NEW YORK (TheStreet) -- Last Thursday's announcement that Avon (AVP) was subject to a bid from a so called "PTG Capital" turned out to be a hoax, yet it hit the New York Stock Exchange hard with long-lasting effects, revealing once again vulnerabilities in our financial markets.
First, the electronic nature of modern trading and modern money has created both a highly efficient, but also a highly vulnerable system. I have argued in detail in my book that the electronic nature of most money means that today we have this incredibly efficient system for processing value, and yet one that is now uniquely vulnerable to hacking and electronic manipulation.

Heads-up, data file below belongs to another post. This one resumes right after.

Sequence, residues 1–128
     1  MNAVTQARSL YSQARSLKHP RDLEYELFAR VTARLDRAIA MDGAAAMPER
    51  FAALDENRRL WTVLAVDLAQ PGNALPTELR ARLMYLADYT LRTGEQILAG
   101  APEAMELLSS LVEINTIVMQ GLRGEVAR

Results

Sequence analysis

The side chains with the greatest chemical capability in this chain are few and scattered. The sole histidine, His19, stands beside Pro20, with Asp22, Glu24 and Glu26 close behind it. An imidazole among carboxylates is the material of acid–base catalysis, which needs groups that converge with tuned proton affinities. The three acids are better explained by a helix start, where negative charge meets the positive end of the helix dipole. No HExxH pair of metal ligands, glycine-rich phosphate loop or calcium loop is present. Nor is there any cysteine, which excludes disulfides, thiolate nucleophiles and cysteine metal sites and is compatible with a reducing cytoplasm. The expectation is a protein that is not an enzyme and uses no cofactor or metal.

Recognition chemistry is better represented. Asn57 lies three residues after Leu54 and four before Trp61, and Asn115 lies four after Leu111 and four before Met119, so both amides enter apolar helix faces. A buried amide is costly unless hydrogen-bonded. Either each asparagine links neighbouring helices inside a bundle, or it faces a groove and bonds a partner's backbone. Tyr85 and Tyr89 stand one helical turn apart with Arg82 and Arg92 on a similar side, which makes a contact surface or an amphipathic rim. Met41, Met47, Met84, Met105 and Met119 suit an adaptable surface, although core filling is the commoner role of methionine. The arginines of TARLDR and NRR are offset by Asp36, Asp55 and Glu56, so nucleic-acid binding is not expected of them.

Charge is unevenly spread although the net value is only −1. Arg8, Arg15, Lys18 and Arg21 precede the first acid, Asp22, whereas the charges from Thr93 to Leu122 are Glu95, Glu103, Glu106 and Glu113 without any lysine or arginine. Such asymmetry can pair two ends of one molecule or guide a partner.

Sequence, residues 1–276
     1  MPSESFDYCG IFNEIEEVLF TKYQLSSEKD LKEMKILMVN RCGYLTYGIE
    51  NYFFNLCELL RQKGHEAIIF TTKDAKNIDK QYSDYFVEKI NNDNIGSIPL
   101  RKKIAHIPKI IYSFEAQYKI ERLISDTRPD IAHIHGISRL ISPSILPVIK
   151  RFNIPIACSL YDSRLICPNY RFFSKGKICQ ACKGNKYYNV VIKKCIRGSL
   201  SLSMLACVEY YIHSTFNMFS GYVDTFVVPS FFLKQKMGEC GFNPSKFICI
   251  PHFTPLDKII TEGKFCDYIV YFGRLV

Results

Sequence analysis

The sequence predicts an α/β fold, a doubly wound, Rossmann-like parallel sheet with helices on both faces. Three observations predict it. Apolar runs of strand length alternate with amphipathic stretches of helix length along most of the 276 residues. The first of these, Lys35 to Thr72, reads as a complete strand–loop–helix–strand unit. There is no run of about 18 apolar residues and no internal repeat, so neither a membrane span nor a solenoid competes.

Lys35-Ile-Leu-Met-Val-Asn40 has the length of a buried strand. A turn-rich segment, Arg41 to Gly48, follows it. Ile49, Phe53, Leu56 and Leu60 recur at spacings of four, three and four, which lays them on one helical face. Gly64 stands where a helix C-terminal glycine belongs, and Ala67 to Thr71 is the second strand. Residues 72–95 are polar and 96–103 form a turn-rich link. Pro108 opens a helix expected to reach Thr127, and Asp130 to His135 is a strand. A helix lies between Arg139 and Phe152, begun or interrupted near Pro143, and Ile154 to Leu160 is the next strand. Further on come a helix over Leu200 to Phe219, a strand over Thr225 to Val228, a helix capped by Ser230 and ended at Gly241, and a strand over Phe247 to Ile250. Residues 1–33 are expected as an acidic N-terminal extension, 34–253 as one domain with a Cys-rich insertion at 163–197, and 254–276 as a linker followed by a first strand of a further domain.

With the hoax Avon bid, we have another example of the ease by which widespread market confusion can be caused through the electronic dissemination of entirely fictitious information. It all creates not less, but more volatility in markets. And indeed the interconnectedness of the financial system to mass media and electronic systems is something that Robert Shiller has also noted as being a contributor to greater market volatility today than historically.
Second, the hugely cumbersome U.S. financial services regulatory system proved itself (again) quite ill-equipped to deal with the crisis. The regulatory bodies write micro-managing rules on the basis that they believe they can legislate for every possible eventuality in life (rather than being more principle-based rules). Of course, when irregularities happen (as they do much more often than we tend to think), suddenly the manual, the rule book, that must be slavishly followed is of limited use.